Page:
Imagine you are at the edge of the sea on a day when it is difficult to say where the land ends and the sea begins and where the sea ends and the sky begins. Sea kayaking lets you explore these and your own boundaries and broadens your horizons. Sea kayaking is the new mountaineering.
Thursday, June 04, 2009
Kayak Caledonia progress report #8
Day 14, 4th June 47km
"We are in Dunbeath. I thought the east coast would be downhill all the way but we hit some of the roughest water yet between Noss Head and Sarclet Head. The tide was against us and with the NE wind it was wind against tide all the way. Unfortunately we could not get in really close to all the caves geos and stacks. Once round Sarclet we were in the lee of the cliffs so it was a good bit easier and proved to be a most interesting stretch with great rock architecture. We climbed up the hill behind Dunbeath beach and staggered to the hotel, but it was shut. That was the low point of the trip. We walked up the A9 and fortunately found a pub.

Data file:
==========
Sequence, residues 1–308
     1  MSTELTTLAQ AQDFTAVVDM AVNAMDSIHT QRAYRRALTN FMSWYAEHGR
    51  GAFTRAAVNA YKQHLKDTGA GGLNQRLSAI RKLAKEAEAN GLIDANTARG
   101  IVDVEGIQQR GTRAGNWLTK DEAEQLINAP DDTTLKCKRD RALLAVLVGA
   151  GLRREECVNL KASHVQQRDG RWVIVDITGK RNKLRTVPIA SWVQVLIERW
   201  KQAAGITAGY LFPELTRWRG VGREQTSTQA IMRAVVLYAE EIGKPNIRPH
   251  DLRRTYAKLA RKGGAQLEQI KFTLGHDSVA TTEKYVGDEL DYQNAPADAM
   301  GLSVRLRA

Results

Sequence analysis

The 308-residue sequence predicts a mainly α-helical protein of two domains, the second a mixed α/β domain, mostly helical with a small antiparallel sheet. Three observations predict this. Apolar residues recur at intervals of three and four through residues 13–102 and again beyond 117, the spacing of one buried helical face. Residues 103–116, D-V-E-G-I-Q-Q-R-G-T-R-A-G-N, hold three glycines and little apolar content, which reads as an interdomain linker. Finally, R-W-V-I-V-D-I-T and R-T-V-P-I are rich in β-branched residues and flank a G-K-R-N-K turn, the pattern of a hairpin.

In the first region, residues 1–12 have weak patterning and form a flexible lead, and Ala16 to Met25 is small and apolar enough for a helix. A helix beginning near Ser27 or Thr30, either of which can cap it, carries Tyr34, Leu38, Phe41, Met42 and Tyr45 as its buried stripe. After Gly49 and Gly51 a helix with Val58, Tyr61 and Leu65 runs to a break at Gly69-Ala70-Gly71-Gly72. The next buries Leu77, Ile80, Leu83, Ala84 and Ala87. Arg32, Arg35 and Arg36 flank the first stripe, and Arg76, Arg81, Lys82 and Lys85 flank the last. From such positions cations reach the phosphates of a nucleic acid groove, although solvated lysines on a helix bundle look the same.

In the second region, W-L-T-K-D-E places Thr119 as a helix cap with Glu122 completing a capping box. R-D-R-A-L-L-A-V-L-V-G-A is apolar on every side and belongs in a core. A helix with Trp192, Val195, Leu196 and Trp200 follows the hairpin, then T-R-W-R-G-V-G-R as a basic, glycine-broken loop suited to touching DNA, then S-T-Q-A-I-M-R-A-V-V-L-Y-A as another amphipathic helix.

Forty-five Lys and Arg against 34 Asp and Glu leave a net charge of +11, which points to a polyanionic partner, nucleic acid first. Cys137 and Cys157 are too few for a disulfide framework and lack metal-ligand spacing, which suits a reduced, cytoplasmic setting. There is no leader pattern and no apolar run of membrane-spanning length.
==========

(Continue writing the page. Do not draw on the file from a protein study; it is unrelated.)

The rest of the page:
At our last stop, yesterday evening, the pub proved to be a Grade 5 experience. It was really noisy but fell silent when we walked in and all eyes were on us. After 14 days we smell pretty bad but we sure sweetened the air in that place, it was the baddest smelling pub in all Scotland. After a while the noise started again as they all started talking about us. They spoke a different language, composed entirely of four letter, one syllable words. After a quick drink, we left the public bar to the locals and went into the lounge bar for something to eat. If anything it smelled even worse. I have no idea what it was we ate. We were glad to escape to the tents.
Given the force 7 forecast for tomorrow pm, we will get going about 5am and hopefully get down to Golspie before the wind hits us. The heavy rain will hopefully cleanse le eau de Keiss out our pores."
The three pillars of Knockbrex
On Sunday I set off at 06:30am and paddled round the Islands of Fleet before heading towards the Carrick Coast of Galloway near Knockbrex. I came across three mysterious pillars. On further investigation I discovered they led to a hidden channel in the rocks.
Round a bend at the head of this channel lay a secret harbour. It was probably built for a yacht owned by the residents of nearby Knockbrex house.
A splendid morning paddle of 12km.